KM: Yes, and a HUGE thank you to Triumph for that — it was really helpful to have those shots (e.g. footage of DGR, aerial footage of Vincent riding, etc.) We couldn’t have gotten those shots otherwise. In terms of how we used it, most of the Triumph footage was either from DGR or was somewhat of an expose on Vincent from a year or two ago. So, we used it as we would archival footage. Our interviews and live action were what made up the post-accident story. There’s a little inconsistency because Triumph’s footage was in 4K, but I think our editor did a great job of smoothing it out, so it fits together seamlessly.
5) You also had the financial support of the Distinguished Gentleman’s Ride to make this concept into a reality … do you find the world community just as inspiring in terms of this support?
KM: Yes, and also a MASSIVE thank you to the DGR. It would have been a very different experience if we hadn’t had not only their financial sponsorship, but also their overall support and encouragement. We’ve had DGR rides from all over the world reach out about potentially screening our film at their events. DGR has expressed interest in putting the film on their website, and (DGR founder) Mark Hawwa is talking about showing it at the 2020 Throttle Roll in Sydney, Australia. The guys at DGR have been there for us every step of the way and we couldn’t be happier with our experience working with them.
6) You have even been honored with a world premiere showing of the film at the Toronto Motorcycle Film Festival in October. What does this exposure mean to both of you?
KM: JP had been speaking to the people at the Toronto Motorcycle Film Festival. He wanted to attend the event, but even better, he wanted to submit a film. One day, while we were chatting in JP’s kitchen (now our de facto production office), JP had mentioned (to me) he wanted to submit a film but wasn’t sure what to make it about. Meanwhile, I had recently done some fundraising for Vincent, and I knew his story was one about perseverance and the value of community, especially the NYC motorcycling community. So, I said, why don’t you tell Vincent’s story? JP asked if I wanted to do it with him, and the rest is history.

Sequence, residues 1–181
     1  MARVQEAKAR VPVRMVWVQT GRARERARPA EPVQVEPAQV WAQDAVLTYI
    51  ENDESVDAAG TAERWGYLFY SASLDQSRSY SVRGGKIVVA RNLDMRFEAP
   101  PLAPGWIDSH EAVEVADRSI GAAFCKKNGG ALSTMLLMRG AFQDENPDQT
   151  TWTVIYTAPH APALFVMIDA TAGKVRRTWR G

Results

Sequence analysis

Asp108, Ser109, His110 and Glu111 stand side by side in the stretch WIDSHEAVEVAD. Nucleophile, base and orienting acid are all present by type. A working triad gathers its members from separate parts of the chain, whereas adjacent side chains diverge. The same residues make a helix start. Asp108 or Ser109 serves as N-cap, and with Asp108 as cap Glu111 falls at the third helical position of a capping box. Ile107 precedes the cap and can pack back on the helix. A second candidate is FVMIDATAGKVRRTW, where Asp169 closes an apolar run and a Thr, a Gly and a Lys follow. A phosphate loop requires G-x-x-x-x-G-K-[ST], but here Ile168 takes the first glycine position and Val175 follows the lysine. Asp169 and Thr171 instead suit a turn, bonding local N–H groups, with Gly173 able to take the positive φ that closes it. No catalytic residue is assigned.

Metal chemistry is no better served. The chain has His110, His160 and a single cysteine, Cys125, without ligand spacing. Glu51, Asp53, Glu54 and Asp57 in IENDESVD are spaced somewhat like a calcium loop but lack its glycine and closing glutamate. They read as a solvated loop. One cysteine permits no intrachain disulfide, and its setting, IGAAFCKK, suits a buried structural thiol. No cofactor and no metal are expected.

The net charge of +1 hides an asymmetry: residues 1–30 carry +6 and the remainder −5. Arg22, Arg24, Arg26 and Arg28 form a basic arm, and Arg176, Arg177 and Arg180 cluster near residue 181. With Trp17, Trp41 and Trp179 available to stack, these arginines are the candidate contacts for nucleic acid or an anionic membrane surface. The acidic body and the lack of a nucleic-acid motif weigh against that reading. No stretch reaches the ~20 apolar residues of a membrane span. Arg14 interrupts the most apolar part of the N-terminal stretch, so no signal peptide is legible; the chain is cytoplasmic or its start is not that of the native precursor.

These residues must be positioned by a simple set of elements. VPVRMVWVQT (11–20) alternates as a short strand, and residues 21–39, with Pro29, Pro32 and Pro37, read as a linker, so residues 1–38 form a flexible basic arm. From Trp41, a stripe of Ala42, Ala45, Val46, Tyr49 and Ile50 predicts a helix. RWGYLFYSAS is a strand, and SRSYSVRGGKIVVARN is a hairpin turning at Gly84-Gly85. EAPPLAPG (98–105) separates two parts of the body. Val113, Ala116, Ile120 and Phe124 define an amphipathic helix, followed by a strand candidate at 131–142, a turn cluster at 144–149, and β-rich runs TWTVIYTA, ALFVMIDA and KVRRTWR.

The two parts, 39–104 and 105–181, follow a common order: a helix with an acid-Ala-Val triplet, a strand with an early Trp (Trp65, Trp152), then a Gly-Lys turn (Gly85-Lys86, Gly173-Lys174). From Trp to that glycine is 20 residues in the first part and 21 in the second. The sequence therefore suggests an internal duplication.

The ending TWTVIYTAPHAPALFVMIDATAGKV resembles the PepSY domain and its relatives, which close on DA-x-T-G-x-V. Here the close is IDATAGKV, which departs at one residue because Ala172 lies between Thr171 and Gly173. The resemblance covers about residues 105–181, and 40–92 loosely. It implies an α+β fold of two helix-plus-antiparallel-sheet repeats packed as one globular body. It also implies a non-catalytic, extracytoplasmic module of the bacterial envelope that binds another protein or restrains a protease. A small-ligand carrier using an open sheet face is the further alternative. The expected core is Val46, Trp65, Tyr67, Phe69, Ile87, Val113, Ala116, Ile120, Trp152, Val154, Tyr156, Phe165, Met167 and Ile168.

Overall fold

So, we’re pumped! We achieved our initial objective. What’s amazing is that the project has developed into a much bigger endeavor than we had planned or hoped for -- we have a film we’re proud of, we’re submitting to festivals around the world, we’ve built relationships with great organizations such as DGR and Triumph, we’re meeting people we’d never know otherwise, and most importantly, we feel like we’ve been able to do a little more to help Vincent, his family, and our community at large. This project has grown into such a great experience, and it feels like it’s just the beginning.
Toronto Motorcycle Film Festival Tickets:click here
Vincent Nicolai receiving a DGR care package from Michael Higgins, Anna Khromova (sound), JP Kathoefer (camera) — Kirsten Midura
What’s amazing is that the project has developed into a much bigger endeavor than we had planned or hoped for — we have a film we’re proud of, we’re submitting to festivals around the world, we’ve built relationships with great organizations such as DGR and Triumph, we’re meeting people we’d never know otherwise, and most importantly, we feel like we’ve been able to do a little more to help Vincent, his family, and our community at large.
7) The opportunity has also sprung the idea of a road trip to the festival where both of you and Vincent will appear at a Q and A session. What kind of help do you need from the community in terms of sponsorship for this trip? And you intend on covering this trip for a future film short?
KM: JP, Vincent and I are riding up to Toronto to attend the Moto Film Fest. We’re extending the invitation to our friends and family who want to come, so if you’re interested, let us know. In terms of sponsorship, we’d discussed looking for a heated gear sponsor (it WILL be October in Canada, after all). We’re also open to exploring other sponsorship opportunities for gear, press bikes, accommodation on the way up to or in Toronto, etc. We’re open to exploring options. For coverage, I know it’s impossible for JP not to document his motorcycle adventures. We’re not sure yet if it’ll be its own short, but I know there will be plenty of content coming from it.